Please Note: This article is written for users of the following Microsoft Excel versions: 2007, 2010, and 2013. If you are using an earlier version (Excel 2003 or earlier), this tip may not work for you. For a version of this tip written specifically for earlier versions of Excel, click here: Finding the Directory Name.
by Allen Wyatt
(last updated December 7, 2013)
If you have a need to find out the directory in which your workbook is saved, you may be tempted to use a macro to figure out the answer. While this is a valid approach (and relatively easy), some people are intimidated by macros or don't want to use them within the workbooks. The following worksheet formula will return the directory in which the workbook is stored:
If you use this formula in a workbook that is brand new—one that has yet to be saved—then it will return a #VALUE! error. This happens because the filename has not yet been set, and the LEFT function cannot return a portion of something that is not there. To avoid the error, simply encase the formula in the IFERROR function, as follows:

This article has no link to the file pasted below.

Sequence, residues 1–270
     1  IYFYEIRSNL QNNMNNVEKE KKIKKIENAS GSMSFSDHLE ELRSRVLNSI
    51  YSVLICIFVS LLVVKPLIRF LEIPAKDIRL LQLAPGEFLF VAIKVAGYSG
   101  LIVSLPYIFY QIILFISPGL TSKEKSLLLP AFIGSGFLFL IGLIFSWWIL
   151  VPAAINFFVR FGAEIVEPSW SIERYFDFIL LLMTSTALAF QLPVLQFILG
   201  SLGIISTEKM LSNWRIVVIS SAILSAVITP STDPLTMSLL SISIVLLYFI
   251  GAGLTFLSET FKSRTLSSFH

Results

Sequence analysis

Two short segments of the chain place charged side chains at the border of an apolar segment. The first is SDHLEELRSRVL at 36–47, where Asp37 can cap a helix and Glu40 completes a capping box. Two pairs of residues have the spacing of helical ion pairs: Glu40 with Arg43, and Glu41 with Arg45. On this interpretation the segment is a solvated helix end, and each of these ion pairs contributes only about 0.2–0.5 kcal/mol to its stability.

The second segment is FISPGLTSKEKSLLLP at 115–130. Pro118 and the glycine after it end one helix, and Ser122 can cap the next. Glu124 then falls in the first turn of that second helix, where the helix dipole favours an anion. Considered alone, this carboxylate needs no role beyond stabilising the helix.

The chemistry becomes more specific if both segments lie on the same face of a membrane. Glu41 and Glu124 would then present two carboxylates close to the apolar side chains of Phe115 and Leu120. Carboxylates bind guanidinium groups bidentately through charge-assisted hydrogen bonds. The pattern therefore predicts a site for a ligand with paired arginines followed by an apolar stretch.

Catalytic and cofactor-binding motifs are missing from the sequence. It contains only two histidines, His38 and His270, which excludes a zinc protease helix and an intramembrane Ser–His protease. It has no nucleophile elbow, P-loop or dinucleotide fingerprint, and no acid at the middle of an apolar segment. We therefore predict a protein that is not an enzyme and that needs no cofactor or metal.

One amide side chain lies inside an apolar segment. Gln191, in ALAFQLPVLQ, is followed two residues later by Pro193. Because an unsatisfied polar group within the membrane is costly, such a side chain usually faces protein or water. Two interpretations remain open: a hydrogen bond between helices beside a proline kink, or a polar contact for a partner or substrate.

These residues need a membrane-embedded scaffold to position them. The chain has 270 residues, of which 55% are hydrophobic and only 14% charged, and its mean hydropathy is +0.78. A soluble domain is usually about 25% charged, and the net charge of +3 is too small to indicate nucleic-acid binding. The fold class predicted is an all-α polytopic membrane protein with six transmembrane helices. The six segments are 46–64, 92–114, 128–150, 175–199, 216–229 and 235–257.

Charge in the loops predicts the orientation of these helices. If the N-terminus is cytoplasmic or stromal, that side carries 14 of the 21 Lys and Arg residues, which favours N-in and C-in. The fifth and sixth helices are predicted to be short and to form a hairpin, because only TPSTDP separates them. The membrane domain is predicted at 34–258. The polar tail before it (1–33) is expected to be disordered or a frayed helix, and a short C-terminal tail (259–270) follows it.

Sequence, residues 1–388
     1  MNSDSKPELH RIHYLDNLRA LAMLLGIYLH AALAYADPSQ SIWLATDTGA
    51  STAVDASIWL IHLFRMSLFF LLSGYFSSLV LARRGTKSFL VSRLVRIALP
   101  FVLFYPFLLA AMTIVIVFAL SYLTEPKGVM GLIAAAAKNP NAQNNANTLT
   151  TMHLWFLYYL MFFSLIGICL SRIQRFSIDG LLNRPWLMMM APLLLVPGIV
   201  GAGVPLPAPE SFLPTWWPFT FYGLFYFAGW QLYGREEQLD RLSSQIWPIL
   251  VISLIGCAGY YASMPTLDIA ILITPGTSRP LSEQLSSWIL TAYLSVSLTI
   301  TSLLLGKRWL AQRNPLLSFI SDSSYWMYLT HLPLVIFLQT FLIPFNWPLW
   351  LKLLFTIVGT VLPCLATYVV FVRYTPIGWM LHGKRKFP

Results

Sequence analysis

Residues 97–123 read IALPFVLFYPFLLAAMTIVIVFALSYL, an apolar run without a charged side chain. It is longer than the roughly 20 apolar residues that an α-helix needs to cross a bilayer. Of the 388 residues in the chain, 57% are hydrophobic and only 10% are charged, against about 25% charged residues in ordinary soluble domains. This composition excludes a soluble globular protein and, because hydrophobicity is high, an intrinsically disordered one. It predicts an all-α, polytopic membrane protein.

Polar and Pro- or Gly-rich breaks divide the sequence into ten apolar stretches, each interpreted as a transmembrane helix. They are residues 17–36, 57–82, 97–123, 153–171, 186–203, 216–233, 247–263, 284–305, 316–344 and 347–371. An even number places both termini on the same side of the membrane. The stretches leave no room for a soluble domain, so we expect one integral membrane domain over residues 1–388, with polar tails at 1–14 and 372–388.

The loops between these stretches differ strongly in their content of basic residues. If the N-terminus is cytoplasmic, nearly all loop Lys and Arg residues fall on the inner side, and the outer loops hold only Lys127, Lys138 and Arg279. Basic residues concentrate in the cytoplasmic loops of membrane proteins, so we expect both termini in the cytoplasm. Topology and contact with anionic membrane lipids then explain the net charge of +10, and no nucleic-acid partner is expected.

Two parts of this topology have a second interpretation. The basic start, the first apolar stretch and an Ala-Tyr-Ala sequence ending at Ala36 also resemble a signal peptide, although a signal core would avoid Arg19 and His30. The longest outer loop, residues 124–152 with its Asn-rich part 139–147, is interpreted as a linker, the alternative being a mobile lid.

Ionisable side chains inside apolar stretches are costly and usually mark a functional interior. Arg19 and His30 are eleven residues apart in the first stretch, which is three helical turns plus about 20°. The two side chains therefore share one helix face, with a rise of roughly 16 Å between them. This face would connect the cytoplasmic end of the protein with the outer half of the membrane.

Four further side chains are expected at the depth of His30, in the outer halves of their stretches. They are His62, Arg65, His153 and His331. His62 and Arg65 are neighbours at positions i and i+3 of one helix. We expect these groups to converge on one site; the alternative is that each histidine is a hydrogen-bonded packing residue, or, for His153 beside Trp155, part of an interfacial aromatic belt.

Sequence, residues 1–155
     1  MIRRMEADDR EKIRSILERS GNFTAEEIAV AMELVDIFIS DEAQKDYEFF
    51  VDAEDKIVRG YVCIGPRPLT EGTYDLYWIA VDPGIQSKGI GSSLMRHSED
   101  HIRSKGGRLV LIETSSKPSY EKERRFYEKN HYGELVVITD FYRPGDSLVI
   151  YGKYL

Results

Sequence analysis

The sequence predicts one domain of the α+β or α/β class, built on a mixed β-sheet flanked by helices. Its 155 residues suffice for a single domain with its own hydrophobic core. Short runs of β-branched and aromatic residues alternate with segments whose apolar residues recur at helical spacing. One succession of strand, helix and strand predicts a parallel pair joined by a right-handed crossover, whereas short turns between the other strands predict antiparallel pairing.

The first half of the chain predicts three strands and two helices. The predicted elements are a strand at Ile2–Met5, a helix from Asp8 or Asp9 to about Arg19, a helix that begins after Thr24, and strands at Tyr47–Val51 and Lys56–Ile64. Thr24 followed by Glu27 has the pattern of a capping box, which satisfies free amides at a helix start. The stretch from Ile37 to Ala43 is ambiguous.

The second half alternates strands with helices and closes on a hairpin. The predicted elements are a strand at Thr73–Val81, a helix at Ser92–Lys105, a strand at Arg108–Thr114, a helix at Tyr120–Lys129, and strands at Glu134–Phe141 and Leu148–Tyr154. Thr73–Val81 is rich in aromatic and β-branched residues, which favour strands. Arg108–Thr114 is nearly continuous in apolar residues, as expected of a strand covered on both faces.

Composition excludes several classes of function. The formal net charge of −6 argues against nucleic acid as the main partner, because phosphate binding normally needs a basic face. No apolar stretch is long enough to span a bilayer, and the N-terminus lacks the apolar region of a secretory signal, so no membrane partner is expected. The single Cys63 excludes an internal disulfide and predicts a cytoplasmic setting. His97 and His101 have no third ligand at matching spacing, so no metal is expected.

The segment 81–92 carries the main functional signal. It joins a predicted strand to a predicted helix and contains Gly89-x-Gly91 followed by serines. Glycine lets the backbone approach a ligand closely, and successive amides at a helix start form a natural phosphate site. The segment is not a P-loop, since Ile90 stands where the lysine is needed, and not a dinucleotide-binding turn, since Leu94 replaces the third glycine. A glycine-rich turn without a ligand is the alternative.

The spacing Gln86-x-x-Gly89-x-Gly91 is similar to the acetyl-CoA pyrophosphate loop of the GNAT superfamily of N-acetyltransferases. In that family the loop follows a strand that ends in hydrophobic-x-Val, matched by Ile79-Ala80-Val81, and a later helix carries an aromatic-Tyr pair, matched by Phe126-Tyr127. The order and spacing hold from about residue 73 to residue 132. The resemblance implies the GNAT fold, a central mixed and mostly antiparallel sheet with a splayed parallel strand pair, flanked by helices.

In this variation the CELL function is used to extract and return the directory name, but only if it has been set. If it has not been set, then an error occurs and IFERROR returns an empty string.
ExcelTips is your source for cost-effective Microsoft Excel training. This tip (9455) applies to Microsoft Excel 2007, 2010, and 2013. You can find a version of this tip for the older menu interface of Excel here: Finding the Directory Name.
Create Custom Apps with VBA! Discover how to extend the capabilities of Office 2013 (Word, Excel, PowerPoint, Outlook, and Access) with VBA programming, using it for writing macros, automating Office applications, and creating custom applications. Check out Mastering VBA for Office 2013 today!
You can use the naming capabilities of Excel to name both ranges and formulas. Accessing that named information in a workbook ...Discover More
Need a bit of help in figuring out how Excel is evaluating a particular formula? It's easy to figure out if you use the ...Discover More
Want to create a sequential pattern using formulas? It's easy to do if you take a look at how your data repeats. This tip ...Discover More
FREE SERVICE: Get tips like this every week in ExcelTips, a free productivity newsletter. Enter your address and click "Subscribe."
Got a version of Excel that uses the ribbon interface (Excel 2007 or later)? This site is for you! If you use an earlier version of Excel, visit our ExcelTips site focusing on the menu interface.